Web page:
Among the developing countries Sri Lanka has the highest literacy rate, above 90%. During the last few years educational facilities, especially in secondary, tertiary and IT education, improved considerably. The total number of Universities stands at 15. Through the special “Nenasala” project we have taken IT education to remote areas, with limited facilities. Annually, more than 50,000 students are admitted for government vocational and training courses. Eliminating anomalies at regional level, more facilities have been provided to investors in areas away from Colombo through improvement of rural infrastructure facilities and monetary incentives. The government has made efforts to maintain a balanced regional development process by taking steps to initiate 300 industries in Provinces outside the Western Province and by implementing two rural infrastructure development projects. These are the rural road development programme called the “Maga Neguma” and the coordinated rural development programme called the “Gama Neguma”.
The Sri Lankan economy indicates a good state of growth. The 6% growth in 2005 was increased to 8.1% in the 1st quarter of 2006. On the whole, year 2006 is passing all targets to reach 7% growth. Through balanced share market activity and high business credibility, scope for development of our economy is clearly indicated. It has been observed that during the first seven months of 2006 the share market has been active and grown and in the private sector, profits of large firms remained high.
I wish to mention a few facts about the biggest challenge facing us, which is the realization of peace. I wish to place facts before you honestly when speaking about this complex and yet very important subject. Every government in Sri Lanka has made many efforts to achieve peace with the most heavily armed terrorist group, the LTTE. However, all these attempts failed perhaps due to many reasons. The LTTE has on every occasion withdrawn from the negotiation table under some pretext. However, I should mention one fact here. All elected governments having recognized the grievances of every community living in Sri Lanka have made efforts to find suitable solutions to them. In making those efforts one thing we have to keep in mind is our strong commitment to protect democracy and human rights, honour the rule of law and maintain a pluralist political system. At the same time we have to safeguard the territorial integrity, sovereignty and the unitary status of the country.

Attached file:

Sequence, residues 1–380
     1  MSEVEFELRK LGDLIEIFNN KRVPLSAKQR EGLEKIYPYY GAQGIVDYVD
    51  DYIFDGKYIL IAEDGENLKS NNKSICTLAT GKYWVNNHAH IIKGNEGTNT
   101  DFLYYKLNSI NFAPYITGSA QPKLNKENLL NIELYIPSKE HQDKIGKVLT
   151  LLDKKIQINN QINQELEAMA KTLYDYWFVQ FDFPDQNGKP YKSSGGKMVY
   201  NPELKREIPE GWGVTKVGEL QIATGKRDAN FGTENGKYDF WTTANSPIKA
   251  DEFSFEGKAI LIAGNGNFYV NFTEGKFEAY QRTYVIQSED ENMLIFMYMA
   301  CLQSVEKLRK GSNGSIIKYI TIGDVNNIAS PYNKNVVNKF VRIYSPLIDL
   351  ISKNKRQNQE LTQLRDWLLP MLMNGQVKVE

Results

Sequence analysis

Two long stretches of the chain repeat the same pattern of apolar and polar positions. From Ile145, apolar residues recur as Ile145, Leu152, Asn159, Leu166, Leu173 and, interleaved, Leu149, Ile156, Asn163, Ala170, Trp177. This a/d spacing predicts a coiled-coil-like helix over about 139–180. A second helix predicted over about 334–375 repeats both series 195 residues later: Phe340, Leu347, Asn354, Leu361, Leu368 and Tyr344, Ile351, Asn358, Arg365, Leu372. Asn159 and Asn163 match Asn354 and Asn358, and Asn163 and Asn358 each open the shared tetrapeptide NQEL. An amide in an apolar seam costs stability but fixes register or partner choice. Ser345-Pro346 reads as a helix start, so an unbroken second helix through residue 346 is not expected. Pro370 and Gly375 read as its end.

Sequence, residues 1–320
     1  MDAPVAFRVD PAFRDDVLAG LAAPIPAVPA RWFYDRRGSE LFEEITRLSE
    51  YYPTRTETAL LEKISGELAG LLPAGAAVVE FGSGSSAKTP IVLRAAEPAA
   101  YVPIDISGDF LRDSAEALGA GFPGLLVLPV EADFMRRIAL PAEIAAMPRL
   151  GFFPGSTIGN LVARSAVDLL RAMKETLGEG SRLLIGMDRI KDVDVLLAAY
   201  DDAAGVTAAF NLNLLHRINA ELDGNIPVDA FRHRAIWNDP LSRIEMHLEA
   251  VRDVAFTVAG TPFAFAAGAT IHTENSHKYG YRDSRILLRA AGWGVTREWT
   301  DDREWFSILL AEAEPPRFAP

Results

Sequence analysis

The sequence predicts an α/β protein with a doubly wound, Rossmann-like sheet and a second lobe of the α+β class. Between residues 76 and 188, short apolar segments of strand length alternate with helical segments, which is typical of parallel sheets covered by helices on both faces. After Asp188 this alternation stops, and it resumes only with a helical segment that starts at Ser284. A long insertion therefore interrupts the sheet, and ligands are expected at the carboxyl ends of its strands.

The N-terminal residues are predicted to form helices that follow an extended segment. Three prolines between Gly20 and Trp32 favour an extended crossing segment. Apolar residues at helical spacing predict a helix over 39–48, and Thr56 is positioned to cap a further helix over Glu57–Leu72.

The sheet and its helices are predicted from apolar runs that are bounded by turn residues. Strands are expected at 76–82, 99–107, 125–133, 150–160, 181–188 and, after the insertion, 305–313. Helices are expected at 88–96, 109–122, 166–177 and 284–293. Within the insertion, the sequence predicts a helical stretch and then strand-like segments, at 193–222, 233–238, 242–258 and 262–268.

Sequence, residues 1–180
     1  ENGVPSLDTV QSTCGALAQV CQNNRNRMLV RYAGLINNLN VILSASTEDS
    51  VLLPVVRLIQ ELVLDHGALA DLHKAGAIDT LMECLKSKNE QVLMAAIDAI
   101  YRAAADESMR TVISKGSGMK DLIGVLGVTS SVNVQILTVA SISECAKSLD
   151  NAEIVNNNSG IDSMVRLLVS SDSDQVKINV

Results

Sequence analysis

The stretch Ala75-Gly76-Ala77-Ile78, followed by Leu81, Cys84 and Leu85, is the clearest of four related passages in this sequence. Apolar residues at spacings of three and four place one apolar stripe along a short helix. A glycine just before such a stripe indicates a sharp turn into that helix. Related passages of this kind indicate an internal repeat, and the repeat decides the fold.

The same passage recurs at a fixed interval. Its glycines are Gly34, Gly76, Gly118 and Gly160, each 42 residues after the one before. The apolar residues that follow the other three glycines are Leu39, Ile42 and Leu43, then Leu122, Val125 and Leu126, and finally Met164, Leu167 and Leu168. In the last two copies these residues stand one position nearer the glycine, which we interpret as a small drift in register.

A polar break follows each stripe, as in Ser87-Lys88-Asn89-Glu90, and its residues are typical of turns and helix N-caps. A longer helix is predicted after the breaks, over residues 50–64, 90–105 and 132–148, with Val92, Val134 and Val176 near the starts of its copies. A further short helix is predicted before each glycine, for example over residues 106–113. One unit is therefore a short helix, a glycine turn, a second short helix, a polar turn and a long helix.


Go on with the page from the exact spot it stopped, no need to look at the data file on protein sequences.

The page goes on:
When I was elected President I gave a pledge about my government’s unchanging commitment to a political solution. I also promised to continue talks with the LTTE. I promised this with the honest intention of bringing about peace. I firmly stand by those promises. Although the LTTE is not the sole representative of the Tamil community, and, although their basic strategies do not fulfill the needs of the Tamil people, I gave those pledges with the intention of achieving peace. Although many had doubts about the CFA signed in 2002, we decided to act in accordance with it. In spite of this it is saddening to note that the LTTE is treading the murderous path, violating every provision of the Ceasefire Agreement. It was long before I became President that the LTTE itself decided not to continue negotiations for peace under Norwegian facilitation.
Because the LTTE is continuing its murderous activities and assassinations of innocent civilians, many countries, especially Canada and EU countries have banned it as a terrorist organization. The European Parliament has adopted a number of important measures against LTTE activities. I am pleased to state that the US government also has started hunting down those who supply arms to the LTTE. Today, the innocent Tamil people in Sri Lanka are migrating to the Western Province in large numbers. 54% of the total Tamil population is now living outside the North East. Especially in the Western Province they live and work happily. It is no secret to the world that the LTTE is a murderous outfit. Immediately after the EU ban of the LTTE they made various statements against all EU monitors of CFA, and monitors of those countries had to leave the country. The LTTE should do only one thing; that is stop their murderous activities, put an end to the massacre of civilians, leave alone the Tamil community in Jaffna and come to the negotiation table. There is nothing else that they can do. It is regrettable that many are forgetting the LTTE’s atrocities and cruel assassinations.
A member of the sub-committee on a political solution of the All Party Conference summoned by me, who was also the Deputy Secretary General of the Peace Secretariat, one Ketheesh Loganathan, a Tamil democrat, was cruelly gunned down by the LTTE, among its atrocities.
Despite all this, I wish to state that my Government remains committed to an honourable peace through negotiation with the LTTE. Although many countries may speak of terrorism in their own territory they do not provide the terrorists with their needs through humane considerations. However, our record is different. When a LTTE member fell ill he was provided facilities for medical treatment, despite their many atrocities. All this is done with the honest intent that some day they would enter the democratic process. The LTTE robs a large portion of the food and other material assistance the Government provides the Tamil people in the North. What is so robbed amounts to many millions.
The task before us is two-fold. First, Sri Lankans and the International Community should be determined to take the LTTE on to the democratic path. It should not be possible for them to obtain any recognition in the world as long as they are engaged in terrorism. Secondly, Sri Lankans and the International Community should extend all support to the political solution we are formulating. We should be helped to make that solution acceptable to all. I firmly believe that we can find a solution acceptable to the majority of our people. I have already prepared the foundation to meet this dual challenge. I have shown the LTTE that a militaristic policy is not in keeping with our search for peace. We have shown them through our own military successes over them that they cannot obtain a political solution through their strategy of violence. The sole aim of our military operations in the past months was ensuring the security of the people and bringing the LTTE to the negotiating table. Our actions are justified because the operations to protect Mawil Aru, the people of Muttur and restore the situation in Sampur, were all taken in the longer interest of our national security.